The reason only ONE Il Giornale store ever existed was because of the purchase of SBUX by Howard and his investers, and because the SBUX name and logo had so much capital already, they changed Il Giornale back to SBUX and wanted a more reproducable SBUX design, to go national.

I did the green “full siren” logo with a stronger, simpler, read for reproduction. The SBUX type was HAND DRAWN and based on the typeface, Franklin Gothic (this was pre-computer, folks) and had to be drawn so it bent well, around the circle. We submitted the logo to Howard, one with a red color and one in a green color. He picked the green color option.

In 1992 we had to blow up the siren to eliminate the spread, so called suggestive tails, so that’s the version you see today.

I still have most of the original concept work for the creation of this logo in one of my big sketchbooks. To me at the time, it was just another logo job to do. Who would have thought I’d be sick of seeing it all over the place. It isn’t one of my best logos.”

Original stores from the old coffee bag:

The original “cigar band” logo:

Il Giornale logo:

Green “bellybutton” logo

One of the newer coffee bags that reimagines the siren:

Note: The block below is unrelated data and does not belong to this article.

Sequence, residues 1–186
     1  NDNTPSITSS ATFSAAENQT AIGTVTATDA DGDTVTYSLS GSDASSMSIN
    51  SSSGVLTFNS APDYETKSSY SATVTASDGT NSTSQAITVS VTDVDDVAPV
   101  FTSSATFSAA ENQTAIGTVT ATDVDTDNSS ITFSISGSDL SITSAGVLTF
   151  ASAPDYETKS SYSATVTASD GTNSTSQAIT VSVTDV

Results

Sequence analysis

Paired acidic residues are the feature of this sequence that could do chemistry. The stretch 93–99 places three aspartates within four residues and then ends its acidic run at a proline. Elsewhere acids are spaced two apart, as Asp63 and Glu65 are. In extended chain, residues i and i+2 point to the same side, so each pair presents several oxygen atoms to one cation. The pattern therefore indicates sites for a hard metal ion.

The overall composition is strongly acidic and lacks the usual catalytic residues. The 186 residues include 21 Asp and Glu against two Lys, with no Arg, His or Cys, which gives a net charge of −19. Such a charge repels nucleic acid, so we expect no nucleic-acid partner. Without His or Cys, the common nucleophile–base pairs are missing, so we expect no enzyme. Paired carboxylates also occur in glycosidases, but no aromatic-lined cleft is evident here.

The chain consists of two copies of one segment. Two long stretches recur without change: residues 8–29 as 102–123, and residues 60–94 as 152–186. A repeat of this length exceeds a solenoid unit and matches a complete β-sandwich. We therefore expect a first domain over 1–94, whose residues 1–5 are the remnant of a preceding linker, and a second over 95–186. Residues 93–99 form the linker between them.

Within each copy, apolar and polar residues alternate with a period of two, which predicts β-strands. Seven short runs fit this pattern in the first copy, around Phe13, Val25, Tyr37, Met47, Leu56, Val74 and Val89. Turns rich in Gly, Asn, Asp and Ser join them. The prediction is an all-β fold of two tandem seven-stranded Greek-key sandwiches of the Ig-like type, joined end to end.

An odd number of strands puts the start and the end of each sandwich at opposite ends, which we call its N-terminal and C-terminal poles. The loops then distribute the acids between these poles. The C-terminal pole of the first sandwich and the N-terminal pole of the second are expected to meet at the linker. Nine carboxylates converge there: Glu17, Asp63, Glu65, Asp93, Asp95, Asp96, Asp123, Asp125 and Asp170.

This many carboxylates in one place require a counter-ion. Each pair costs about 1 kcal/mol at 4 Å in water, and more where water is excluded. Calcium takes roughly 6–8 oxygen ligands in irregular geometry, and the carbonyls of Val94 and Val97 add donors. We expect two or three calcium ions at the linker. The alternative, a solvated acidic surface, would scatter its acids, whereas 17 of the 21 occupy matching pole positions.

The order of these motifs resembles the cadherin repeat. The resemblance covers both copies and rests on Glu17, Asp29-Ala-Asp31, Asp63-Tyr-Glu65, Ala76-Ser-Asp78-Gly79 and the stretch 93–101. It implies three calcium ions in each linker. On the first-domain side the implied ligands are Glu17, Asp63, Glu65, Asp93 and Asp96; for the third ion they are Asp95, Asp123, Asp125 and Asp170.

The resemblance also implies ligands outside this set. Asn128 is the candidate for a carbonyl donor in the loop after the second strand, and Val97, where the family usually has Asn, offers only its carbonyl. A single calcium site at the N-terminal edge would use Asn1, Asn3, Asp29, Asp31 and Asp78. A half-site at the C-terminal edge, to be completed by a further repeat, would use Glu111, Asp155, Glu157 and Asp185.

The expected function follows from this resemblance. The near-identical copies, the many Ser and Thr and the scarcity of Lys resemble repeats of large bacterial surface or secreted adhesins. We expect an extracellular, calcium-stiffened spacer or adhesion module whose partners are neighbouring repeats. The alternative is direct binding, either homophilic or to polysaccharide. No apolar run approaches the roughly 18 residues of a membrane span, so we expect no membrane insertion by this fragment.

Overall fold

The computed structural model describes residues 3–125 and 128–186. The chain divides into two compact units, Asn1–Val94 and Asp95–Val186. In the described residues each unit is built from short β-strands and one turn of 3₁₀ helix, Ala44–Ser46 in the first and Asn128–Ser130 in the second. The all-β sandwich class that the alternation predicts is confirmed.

New “cigar band” logo with covered up nipples and cleaner lines:

New plastic stirrer / plug in the shape of the siren:

Old logo at one of the first (from what I hear it’s not the “original” location) stores at the Pike Market in Seattle



Did reading this article inspire you to write a poem about Starbucks? You can use Rhymebuster, the algorithmic rap generator. Turns out a lot of things rhyme with Starbucks (other than sucks).

Amdahl : Business in the Front, Party in the Back

A few years ago I purchased a strange piece of computing history on eBay. Some guy in Canada was selling what he described as a “model” of an Amdahl processor. He did not include a picture with his listing, and because of that I was able to snap it up for about 30 wing-wangs.

When the package arrived, it turned out to be a real 42 (!) processor board from an old Amdahl mainframe that was “presented to T. Eaton Company for its purchase of Amdahl 5995-3550M processor in June 1992” as the plaque said. T. Eaton Company no longer exists, it was swallowed by Sears. Neither does Amdahl – it is a part of Fujitsu now.

The little cooling towers made it possible to air cool the chips.

The back of the board was very strange though. All the wiring seemed to be done “point-to-point” by hand. Overall, thinking about how many work-hours went into designing and making that board made me shudder.